7. Piotr

    Piotr Registered

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    First, thank you all for answers. It's nice to find community so willing to help.
    So, my takeaways are:
    • adding blocks in calendar for learning new stuff
    • updating my contexts
    • shortening lists if possible
    I'll try my best and see how it works.
     
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  8. andrew732

    andrew732 Registered

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    This is indeed a very tricky problem in GTD. What can we do about things that are important but not urgent, and which always seem to get ignored when we look over the Next Action list for things to do? I believe that having to constantly grapple with this issue is part of the price we pay for a very agile system/philosophy that does not explicitly prioritize action items.

    One approach stated above is to designate such items as calendared items to ensure they get done, although this is contrary to the GTD philosophy of only using the calendar for things that must be done at a specific time. However, this might work for you. In any case, I really don't have a better idea than another one that was already stated, which is to simply make your projects and lists as short as possible to facilitate intuitive, informal decisions about what actions to prioritize.

    One thing that has helped me to keep my lists short is to remind myself that I only need one next action for each "moving part" of the project, and that it is not necessary to have all the next actions I can think of for every project on the Next Actions list. Another thing that has helped me is to look more deeply at procrastination around these types of important but not urgent items. It is possible that the relative freedom of the GTD system is enabling you to avoid some discomfort around handling these items.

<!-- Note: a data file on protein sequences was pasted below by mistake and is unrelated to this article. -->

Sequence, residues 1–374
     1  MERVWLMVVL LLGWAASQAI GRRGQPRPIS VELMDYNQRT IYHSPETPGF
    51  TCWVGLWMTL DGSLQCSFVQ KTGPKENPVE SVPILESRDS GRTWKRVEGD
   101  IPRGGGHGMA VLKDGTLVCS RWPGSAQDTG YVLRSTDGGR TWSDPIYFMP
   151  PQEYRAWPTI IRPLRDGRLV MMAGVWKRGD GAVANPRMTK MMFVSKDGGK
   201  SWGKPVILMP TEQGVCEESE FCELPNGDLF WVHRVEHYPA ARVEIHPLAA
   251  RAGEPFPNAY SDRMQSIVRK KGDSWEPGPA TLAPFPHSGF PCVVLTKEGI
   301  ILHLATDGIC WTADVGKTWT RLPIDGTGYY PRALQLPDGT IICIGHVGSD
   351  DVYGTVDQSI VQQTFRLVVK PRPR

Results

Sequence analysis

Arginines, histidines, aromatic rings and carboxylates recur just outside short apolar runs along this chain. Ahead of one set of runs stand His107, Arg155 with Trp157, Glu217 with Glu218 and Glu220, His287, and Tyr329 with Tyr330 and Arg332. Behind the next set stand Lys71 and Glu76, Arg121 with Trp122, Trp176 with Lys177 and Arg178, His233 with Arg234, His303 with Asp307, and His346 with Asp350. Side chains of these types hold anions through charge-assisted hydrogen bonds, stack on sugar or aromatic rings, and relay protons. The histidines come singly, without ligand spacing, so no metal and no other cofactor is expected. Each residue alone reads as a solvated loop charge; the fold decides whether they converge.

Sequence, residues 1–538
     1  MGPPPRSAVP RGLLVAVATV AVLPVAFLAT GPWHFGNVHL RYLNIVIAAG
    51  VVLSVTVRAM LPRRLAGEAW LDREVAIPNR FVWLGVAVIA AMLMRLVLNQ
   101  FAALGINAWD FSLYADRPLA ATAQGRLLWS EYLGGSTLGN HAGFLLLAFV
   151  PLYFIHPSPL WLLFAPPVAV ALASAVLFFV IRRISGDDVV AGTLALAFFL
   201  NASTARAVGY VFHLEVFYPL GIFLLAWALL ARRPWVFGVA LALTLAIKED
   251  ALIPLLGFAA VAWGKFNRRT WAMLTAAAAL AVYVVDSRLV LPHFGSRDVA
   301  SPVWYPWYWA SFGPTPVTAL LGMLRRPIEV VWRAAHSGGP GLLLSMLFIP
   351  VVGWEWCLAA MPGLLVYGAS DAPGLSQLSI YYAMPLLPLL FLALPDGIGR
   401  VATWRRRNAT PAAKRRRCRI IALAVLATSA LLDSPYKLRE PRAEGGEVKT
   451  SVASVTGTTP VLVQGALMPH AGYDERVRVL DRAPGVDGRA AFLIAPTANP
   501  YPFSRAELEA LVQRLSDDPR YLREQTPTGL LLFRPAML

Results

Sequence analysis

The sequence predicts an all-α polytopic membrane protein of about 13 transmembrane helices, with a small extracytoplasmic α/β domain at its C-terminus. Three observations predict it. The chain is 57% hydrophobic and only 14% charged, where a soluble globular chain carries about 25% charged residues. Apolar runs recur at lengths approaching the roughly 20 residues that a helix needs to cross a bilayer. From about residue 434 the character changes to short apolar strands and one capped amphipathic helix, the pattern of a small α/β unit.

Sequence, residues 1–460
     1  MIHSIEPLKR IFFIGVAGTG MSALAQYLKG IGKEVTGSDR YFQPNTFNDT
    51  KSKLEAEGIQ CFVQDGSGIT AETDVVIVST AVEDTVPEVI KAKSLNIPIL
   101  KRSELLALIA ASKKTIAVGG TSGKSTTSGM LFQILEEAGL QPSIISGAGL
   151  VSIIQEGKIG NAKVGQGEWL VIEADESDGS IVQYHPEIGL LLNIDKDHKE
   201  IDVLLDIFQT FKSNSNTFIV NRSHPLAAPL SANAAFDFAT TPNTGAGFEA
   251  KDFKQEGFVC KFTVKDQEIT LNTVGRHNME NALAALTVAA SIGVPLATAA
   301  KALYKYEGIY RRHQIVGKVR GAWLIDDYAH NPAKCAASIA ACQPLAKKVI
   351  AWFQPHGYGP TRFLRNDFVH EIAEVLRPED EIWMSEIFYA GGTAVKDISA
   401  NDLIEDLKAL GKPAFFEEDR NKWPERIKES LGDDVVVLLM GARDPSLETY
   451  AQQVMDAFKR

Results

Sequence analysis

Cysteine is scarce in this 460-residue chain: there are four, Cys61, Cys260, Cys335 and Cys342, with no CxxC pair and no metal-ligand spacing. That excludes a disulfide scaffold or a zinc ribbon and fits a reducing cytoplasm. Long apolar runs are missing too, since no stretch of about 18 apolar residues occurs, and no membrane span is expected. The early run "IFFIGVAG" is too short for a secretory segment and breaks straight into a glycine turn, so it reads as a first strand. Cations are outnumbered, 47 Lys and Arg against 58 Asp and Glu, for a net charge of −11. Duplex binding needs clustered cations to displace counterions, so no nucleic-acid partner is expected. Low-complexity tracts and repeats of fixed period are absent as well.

9. Longstreet

    Longstreet Registered

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    Actually, it IS okay to schedule an action that is very important and will take 30+ minutes to do on your calendar. This is not against GTD philosophy. Meg Edwards in GTD Connect webinars has repeatedly said this is a valid approach if you have a lot of meetings and need protected time for these important actions.
     
  10. TesTeq

    TesTeq Registered

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    Great to hear that GTD works in Szczecin. Move as many Projects and Next Actions as possible to Someday/Maybe. It works in Warsaw. Focus on few goals, accomplish them and then move to next goals. Powodzenia!
     
  11. Cpu_Modern

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    You have to ask yourself why this is a problem. Your why (purpose) is important. You probably now it. Then, the next clarification is the question for the successful outcome. Why is an evening doing "nothing" not better than starting to program? If you move on with the programming course, would this mean you won't do anything else on that evening?

    What I am trying to get to is, that "programming course" is not quite a good project. Better would be something like "establish habit of coding for an hour before dinner" or however else you would describe the success outcome. How would a well-lived work actually look like?

    In the morning, before you go to work, you usually already know if you will have enough energy to code in the evening. Will you use your GTD-system to lie to yourself?

    I don't know what that means, but from the sound of it something like "Hurray, pirates! Gun powder is exploding!"
     
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  12. TesTeq

    TesTeq Registered

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    "Powodzenia!" = "Good luck!" :cool: